Nov 9, 201501:59 PMBlaska's Bring It!
with David Blaska
Madison wants employers IF they share Paul Soglin’s values
(page 1 of 2)
Do not read Blaska’s Bring It! blog if you take nitrates for chest pain.
Readers trying to decide who is the most anti-business, Scott Walker or the City of Madison, might linger a moment over Mayor Soglin’s hopes for the doomed Oscar Mayer plant. Chew over his quotation from Saturday’s Wisconsin State Journal. Masticate it well:
“If they do close the plant, one of our highest priorities is the adaptive reuse of the building with an owner that shares our goals and values,” Soglin said in an interview. “The thing is we don’t want the building stripped and cannibalized and we want it controlled by those who are operating a business model compatible with our values.”
“Shares our values”! Twice that reference in as many sentences. By which he means, the mayor’s values. In other words, no Koch Brothers in The Emerald City. No DeVos, no Ricketts (TD Ameritrade), no Bradleys, no WMC members, no Republicans — no matter how many vegan, low-cholesterol, gluten-free, locally sourced, fair trade, heart healthy, smokeless, gay-friendly soy burger makers they hire.
If blue-collar manufacturing even fits the profile of The Emerald City any more. (Just look at the bully ragging Madison-Kipp has endured at the hands of the city.)
Share Paul’s values? Maybe the Castro brothers?
Paul Soglin’s inner autocrat is back in play. Recall that two and a half years ago he sought to write into city ordinance an accounting of a company’s political associations to determine whether the city should do business with them.
Bring It! recounted at the time how Soglin “[was] wondering if companies supporting Republican causes would rather lobby against the city or do business with it. He’s betting that exposing such activities might prompt some companies to curtail them. If they’re supplying the city while they’re behaving like the Koch brothers, it would be good for the public to know it.”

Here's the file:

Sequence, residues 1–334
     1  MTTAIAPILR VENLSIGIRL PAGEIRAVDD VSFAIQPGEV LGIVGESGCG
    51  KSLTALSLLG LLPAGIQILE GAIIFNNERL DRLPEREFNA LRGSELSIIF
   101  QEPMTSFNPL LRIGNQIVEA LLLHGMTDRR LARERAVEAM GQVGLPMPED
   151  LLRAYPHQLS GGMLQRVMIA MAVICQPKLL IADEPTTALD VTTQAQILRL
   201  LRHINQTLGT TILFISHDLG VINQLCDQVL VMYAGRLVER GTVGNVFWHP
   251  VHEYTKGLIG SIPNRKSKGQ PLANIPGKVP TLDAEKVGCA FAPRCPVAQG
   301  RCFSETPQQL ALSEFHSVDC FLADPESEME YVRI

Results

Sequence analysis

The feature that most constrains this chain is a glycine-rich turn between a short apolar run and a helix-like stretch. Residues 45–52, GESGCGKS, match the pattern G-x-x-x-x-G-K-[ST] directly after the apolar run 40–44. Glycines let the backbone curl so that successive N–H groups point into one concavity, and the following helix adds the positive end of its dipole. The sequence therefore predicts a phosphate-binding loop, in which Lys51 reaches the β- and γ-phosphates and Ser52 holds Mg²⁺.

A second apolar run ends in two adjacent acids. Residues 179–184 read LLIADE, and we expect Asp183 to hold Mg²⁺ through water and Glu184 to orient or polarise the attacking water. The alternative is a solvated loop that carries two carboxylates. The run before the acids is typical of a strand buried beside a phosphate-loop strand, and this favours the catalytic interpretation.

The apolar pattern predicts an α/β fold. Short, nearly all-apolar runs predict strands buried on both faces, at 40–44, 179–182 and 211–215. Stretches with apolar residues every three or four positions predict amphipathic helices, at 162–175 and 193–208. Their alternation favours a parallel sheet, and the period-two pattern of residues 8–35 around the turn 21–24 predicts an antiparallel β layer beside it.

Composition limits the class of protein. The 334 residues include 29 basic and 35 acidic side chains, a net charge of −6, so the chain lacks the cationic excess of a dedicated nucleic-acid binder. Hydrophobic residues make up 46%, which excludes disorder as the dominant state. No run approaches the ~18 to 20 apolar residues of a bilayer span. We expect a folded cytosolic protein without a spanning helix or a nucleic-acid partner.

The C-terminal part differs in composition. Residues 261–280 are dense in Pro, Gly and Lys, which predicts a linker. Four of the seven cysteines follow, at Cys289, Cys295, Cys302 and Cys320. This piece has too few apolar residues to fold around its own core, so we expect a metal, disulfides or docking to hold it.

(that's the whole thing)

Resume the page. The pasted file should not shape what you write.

Under Soglin, Madison is open only to good libs like Warren Buffet. What? Oh, wait …
For safe neighborhoods, back Mid-Town police station
The four major neighborhood associations on Madison’s Southwest side are turning out in force Tuesday night before the Common Council to support construction of a Mid-Town Police Station at 4018 Mineral Point Road, now occupied by the vacant Mount Olivet Church, and an adjacent house. That $6.4 million station would anchor a new, sixth police district. It would relieve the seam-bursting West District, headquartered on McKenna Boulevard, which:
- Is the largest of the five police districts;
- Serves one-third of Madison’s total population;
- Handles 31% of the crime; and
- Was built to accommodate 58 police employees, but now houses nearly 100.
Chief Mike Koval cites the U.S. Department of Justice metric that Midwest cities of 250,000 population average 2.5 police officers per 1,000 inhabitants. Milwaukee is at 3.1 per 1,000, Racine 2.5, Madison 1.8.
“The number one job of city government is to protect the public. This means giving police the facilities, staff, and tools to do the best job possible,” Meadowood neighborhood leader Dave Glomp told me.
Mid-Town is Amendment #29 to the 2016 Capital Budget. However, Mayor Soglin proposes a honking big study, the ultimate stall tactic. He is the sole sponsor of Amendment #31, stating “prior to the construction of Mid-Town Police Station, a comprehensive analysis will be carried out reviewing staffing levels, district boundaries, and demand for police services in the city of Madison. This review will also examine policing levels in the city of Madison compared to comparable peer cities.” Etc., etc.
The public hearing starts at 5:45 p.m. Nov. 10 in Room 201 of the City-County Building. Be there early to register to speak in favor of #29 and opposed to #31.